March 11, 1997
Return to @the Capitol.
Scrutinize the work of several major Congressional committees in online forums with the chairs and ranking members.
Participate in an ongoing dialogue with twelve new members of Congress.
Follow the first year in Congress of Freshmen Reps. Kay Granger (R-TX) and Jay Johnson (D-WI)
Questions sent to Rep. Johnson from 9th grade North Appleton (WI) High School students
Question: How do you feel about the Crandon Issue? What steps will you take to help bring about a resolution for this situation?
Rep. Johnson replies: I'm very concerned about the potential contamination of the groundwater near the proposed Crandon Mine. Although the project promises good jobs for 30 years, the even longer term potential for harm to the water and the environment makes me want to take every precaution before we allow the mine to begin.
I will monitor the current Wisconsin DNR environmental impact statement regarding the proposed mine as well as the same impact statement being drafted by U.S. Army Corps of Engineers. I'm following the potential violation of a federal law banning the transfer of water from one area to another (the 1986 Great Lakes Water Diversion Act.)
Question: Who decides the President's salary? Are you comfortable with having Congress set their own salary?
Rep. Johnson replies: Congress decides the President's salary and it's own salary but according to the most recent amendment to the U. S. Constitution, the current Congress cannot set its own salary. It is only allowed to set the salary for the next incoming Congress (in this case, the one that will take office in 1999.) I think Congress has done a good job of trying to set a salary and expense provision that is fair for the work required and the demands of the job.
Question: What influences your decisions now that you are a Congressial member?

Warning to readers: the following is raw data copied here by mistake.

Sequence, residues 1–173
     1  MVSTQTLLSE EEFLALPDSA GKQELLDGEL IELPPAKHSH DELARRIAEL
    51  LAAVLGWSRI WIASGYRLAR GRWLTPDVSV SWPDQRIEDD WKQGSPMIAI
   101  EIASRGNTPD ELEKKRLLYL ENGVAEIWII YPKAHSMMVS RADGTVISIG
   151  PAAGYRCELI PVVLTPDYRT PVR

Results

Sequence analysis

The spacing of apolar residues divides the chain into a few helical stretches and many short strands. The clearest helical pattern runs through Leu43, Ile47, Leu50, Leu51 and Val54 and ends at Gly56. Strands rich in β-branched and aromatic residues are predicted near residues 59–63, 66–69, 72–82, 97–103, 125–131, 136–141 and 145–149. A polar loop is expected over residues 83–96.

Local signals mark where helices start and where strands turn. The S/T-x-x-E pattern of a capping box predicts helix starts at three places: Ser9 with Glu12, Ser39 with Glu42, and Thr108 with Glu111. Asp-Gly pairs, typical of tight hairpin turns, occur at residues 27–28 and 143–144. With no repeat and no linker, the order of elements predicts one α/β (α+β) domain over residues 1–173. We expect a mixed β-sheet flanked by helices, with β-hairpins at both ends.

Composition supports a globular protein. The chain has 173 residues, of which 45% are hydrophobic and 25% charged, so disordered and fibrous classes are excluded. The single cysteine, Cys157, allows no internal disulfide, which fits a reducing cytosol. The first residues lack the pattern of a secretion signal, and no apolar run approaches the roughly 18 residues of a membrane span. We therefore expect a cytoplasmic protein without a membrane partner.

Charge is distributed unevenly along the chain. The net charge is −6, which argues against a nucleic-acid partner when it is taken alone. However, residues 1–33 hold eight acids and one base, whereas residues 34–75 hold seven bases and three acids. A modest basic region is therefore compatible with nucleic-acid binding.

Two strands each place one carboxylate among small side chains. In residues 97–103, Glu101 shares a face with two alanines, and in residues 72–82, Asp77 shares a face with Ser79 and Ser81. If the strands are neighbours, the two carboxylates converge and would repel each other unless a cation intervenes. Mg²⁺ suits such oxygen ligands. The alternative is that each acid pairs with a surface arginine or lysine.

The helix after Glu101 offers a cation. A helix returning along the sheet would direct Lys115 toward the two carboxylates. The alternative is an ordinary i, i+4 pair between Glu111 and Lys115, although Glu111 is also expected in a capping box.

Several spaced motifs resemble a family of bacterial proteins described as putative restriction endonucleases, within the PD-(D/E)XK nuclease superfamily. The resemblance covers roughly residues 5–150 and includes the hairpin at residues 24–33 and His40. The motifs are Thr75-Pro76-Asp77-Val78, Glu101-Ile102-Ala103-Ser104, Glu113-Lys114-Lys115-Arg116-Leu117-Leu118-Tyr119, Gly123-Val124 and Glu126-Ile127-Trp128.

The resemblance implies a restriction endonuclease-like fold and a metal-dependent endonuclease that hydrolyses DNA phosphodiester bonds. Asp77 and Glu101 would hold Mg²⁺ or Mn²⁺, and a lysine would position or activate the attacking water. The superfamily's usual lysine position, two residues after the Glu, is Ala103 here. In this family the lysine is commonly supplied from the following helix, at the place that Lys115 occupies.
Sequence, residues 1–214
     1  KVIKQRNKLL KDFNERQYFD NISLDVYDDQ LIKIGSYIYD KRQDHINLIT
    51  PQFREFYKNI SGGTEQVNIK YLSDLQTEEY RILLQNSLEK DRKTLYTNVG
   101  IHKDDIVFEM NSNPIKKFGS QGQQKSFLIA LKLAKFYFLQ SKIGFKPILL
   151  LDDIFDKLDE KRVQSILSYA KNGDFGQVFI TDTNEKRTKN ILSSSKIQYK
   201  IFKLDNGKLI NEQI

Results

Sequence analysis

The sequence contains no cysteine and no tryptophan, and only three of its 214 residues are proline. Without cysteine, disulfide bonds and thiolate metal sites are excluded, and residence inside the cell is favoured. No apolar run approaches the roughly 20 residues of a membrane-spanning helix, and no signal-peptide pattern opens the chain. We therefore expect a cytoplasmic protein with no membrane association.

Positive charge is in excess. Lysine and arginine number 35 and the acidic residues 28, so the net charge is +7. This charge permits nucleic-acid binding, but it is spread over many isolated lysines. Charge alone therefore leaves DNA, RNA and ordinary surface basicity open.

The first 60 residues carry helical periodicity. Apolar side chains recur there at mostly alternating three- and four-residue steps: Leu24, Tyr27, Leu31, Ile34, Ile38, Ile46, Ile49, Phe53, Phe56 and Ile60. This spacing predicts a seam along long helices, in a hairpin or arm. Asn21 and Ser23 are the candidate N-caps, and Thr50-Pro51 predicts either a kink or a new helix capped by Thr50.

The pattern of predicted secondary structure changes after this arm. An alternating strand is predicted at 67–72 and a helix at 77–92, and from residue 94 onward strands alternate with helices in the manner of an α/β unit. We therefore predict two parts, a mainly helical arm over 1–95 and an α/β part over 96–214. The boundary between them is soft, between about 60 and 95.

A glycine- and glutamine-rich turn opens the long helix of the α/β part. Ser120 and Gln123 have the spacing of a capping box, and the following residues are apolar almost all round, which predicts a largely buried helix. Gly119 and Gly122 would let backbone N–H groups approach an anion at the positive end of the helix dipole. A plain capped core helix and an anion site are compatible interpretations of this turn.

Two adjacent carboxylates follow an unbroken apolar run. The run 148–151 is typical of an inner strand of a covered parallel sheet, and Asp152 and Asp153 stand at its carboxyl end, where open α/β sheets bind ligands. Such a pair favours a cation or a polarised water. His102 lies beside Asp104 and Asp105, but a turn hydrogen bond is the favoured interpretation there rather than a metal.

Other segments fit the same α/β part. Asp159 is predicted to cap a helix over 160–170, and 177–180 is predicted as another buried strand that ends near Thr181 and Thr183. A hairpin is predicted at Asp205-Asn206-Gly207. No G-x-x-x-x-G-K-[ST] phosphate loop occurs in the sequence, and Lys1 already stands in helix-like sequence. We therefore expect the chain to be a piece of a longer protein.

Rep. Johnson replies: There are all kinds of influences on the decisions I make--going back to my family, my grade school education, subjects I've studied as a joumalist, and lots of reading on the issues before us. I also try to reflect what I feel are the best interests and wisdom of the people that I represent. I've been sent as a sort of ambassador of the people to Washington from northeast Wisconsin and I always remember that their votes put me here in D.C. I also meet with constituents and lobbyists (most of whom simply deliver packets of information from organizations), read periodicals, attend hearings, take in debate on the House floor, and read the mail from people back home to get the best information I can before making decisive votes on behalf of the voters of the 8th Congressional District.
Question: How does it feel to be one of the few Democratic Congressmen to be chosen from the 8th District?
Rep. Johnson replies: I'm gratified that I'm one of the few Democrats ever elected from the 8th District, but I believe it's much more than a party label that got me here. I think my years of credible, honest television reporting to the citizens of northeast Wisconsin and long time community involvement with some of the best nonprofit groups in the country were strong ingredients in the mix of reasons that people voted to give me their trust and send me to represent them in Washington.